Catinella hubrichti
Catinella pugilator
Catinella waccamawensis
Oxyloma effusum
Succinea campestris
Succinea unicolor
Succinea wilsonii
Vallonia excentrica
Glyphyalinia clingmani
Glyphyalinia junaluskana
Glyphyalinia luticola
Glyphyalinia ocoae
Glyphyalinia pentadelphia
Hawaiia alachuana
Mesomphix capnodes
Mesomphix latior
Mesomphix pilsbryi
Paravitrea clappi
Paravitrea lacteodens
Paravitrea placentula
Paravitrea reesei
Paravitrea ternaria
Paravitrea umbilicaris
Paravitrea varidens
Pilsbryna nodopalma
Pilsbryna vanattai
Ventridens arcellus
Ventridens lasmodon
Ventridens suppressus
Zonitoides patuloides
Common Name (Population)
Snowhill Ambersnail
Weedpatch Ambersnail
Waccamaw Ambersnail
Coastal-Plain Ambersnail
Crinkled Ambersnail
Squatty Ambersnail
Golden Ambersnail
Iroquois Vallonia
Fragile Glyph
Dark Glyph
Furrowed Glyph
Blue-Gray Glyph
Pink Glyph
Southeastern Gem
Dusky Button
Broad Button
Striate Button
Mirey Ridge Supercoil
Ramp Cove Supercoil
Glossy Supercoil
Round Supercoil
Sculpted Supercoil
Open Supercoil
Roan Supercoil
Oar Tooth Bud
Honey Glyph
Golden Dome
Hollow Dome
Flat Dome
Appalachian Gloss
Federal/
State
Listing*
- /T
FSC/E
- /SC
- /SC
- /SC
- /SC
- /SC
FSC/T
- /SC
FSC/T
- /SC
- /SC
see Table 3.9.1.
3.9.1 Comparison of 2005 - 2015 Priority Species
The 2005 WAP listed 10 snail species as SGCN priority species but did not consider separate
categories for knowledge gaps or management concern priorities. In comparison, the 2015
evaluation identified species as SGCN, knowledge gap priorities and management concern
priorities.
Table 3.9.3 provides a list of species from the 2005 priority species list that are no longer
considered a SGCN priority.
Table 3.9.3 2005 priority species that are no longer a SGCN priority.
Family
Scientific Name
Common Name
Planorbidae
Ferrissia hendersoni
Blackwater Ancylid
Pleuroceridae
Viviparidae
Leptoxis dilatata
Viviparus intertextus
Seep Mudalia
Rotund Mysterysnail
3.9.2 Conservation Concern
Efforts to conserve freshwater gastropods have lagged behind efforts to conserve freshwater
mussels (Lysne et al. 2008). Very little research has addressed gastropods found in large river
systems but freshwater prosobranch snails (e.g., have gills and separate sexes) in these systems
are subject to the same threats in regulated waters as protected mussel species (Brown et al. 1998;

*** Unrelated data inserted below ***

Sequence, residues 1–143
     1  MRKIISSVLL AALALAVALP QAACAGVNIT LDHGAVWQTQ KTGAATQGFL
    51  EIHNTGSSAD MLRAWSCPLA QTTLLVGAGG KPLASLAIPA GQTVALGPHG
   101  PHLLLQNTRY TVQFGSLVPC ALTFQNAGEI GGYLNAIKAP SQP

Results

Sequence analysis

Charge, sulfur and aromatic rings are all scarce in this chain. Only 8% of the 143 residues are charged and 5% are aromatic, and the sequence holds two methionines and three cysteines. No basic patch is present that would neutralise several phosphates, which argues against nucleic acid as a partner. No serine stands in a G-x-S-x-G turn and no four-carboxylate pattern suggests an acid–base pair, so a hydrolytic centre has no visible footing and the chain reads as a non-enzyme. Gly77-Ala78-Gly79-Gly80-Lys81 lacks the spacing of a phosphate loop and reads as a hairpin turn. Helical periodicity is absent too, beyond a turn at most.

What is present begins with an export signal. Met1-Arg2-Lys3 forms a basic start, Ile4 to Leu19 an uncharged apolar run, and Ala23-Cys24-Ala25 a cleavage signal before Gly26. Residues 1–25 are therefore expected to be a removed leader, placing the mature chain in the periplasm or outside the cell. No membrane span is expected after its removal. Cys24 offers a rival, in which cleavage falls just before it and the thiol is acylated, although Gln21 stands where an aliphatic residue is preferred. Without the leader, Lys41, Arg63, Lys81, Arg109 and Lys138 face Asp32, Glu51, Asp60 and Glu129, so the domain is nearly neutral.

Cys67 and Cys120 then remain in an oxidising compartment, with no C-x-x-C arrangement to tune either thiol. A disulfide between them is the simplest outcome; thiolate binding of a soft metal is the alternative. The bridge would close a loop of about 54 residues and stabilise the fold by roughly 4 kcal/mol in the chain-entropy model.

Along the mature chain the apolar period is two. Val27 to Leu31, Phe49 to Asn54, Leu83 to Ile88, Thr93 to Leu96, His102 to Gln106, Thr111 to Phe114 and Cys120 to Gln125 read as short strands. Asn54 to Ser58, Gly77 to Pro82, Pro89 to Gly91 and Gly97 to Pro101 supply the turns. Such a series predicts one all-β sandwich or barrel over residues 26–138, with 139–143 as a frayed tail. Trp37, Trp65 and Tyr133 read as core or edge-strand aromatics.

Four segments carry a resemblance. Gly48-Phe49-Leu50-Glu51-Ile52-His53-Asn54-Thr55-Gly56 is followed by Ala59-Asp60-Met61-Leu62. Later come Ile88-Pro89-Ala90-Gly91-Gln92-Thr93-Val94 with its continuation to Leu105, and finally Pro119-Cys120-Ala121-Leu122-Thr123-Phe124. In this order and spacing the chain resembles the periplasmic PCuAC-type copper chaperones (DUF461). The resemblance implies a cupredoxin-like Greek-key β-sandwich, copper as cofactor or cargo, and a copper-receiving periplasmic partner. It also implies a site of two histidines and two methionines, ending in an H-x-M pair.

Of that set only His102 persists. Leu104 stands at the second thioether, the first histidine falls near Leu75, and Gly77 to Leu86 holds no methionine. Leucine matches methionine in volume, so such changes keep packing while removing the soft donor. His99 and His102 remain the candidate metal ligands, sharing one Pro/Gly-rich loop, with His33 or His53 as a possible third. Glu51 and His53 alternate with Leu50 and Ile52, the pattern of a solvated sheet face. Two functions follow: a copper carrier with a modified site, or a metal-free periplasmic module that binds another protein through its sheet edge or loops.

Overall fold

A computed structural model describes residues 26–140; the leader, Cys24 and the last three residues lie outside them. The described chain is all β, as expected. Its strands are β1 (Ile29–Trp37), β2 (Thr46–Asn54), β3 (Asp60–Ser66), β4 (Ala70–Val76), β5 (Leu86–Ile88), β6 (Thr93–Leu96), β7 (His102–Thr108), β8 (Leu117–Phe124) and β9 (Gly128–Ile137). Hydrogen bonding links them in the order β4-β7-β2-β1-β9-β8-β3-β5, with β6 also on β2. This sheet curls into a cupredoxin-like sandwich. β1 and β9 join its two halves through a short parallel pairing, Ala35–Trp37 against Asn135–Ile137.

Haynes et al. 1999; Brown 2001; Greenwood and Thorp 2001).
Published research on freshwater stream gastropods has focused on their effects on algae in
small-order streams or have focused on pulmonate snails (e.g., have a lung and are
hermaphroditic) which are rare in large river systems (Greenwood and Thorp 2001). Since prosobranch
species do not disperse over land, river regulation has the potential to isolate populations
which increases the risk for local extirpation or, in the case of endemic species, extinction
(Greenwood and Thorp 2001).
3.9.3 Knowledge Gaps
We have extremely low knowledge levels and understanding of all snails in the state. A primary
limitation is species expertise, resource agency staff time, and resources to devote to these
species. The first step in a successful gastropod conservation program is to gain an
understanding of the diversity of taxa that exist (Perez and Minton 2008; Lysne et al. 2008). The need for
adequate inventories of extant taxa and an understanding of distributional trends of those taxa
is urgent (Lydeard et al. 2004, Wilson 2005; Lysne et al. 2008). Dispersal abilities, life histories, and habitat
requirements are not well understood for most species in North Carolina which will impede
conservation efforts especially where landscapes are changing rapidly.
Field identification can be difficult and lack of uniform and comparable data contributes to
inconsistent taxonomy. Many of the land snails in the family Zonitidae (glass snails) have not
been taxonomically described and very little has been published about their ecology,
reproductive biology, or egg laying behavior. It is important that inventory programs be
repeatable (and then actually repeated) in subsequent years to document species persistence,
increases and decreases in spatial distribution, and changes in habitat condition (Lysne et al. 2008).
As new data are gathered and new species are described taxonomic knowledge databases need
to be updated. Consider using molecular studies for establishing taxonomy and documenting
and reporting element occurrences. Simultaneously providing a description of community
composition will provide ecological context that will benefit conservation planning (Lysne et al.
2008).
Numerous pollutants have been found in North Carolina’s aquatic systems but there is
uncertainty regarding the effects of these pollutants on populations of freshwater snails.
Research is needed in order to understand within an ecological context the effect contaminants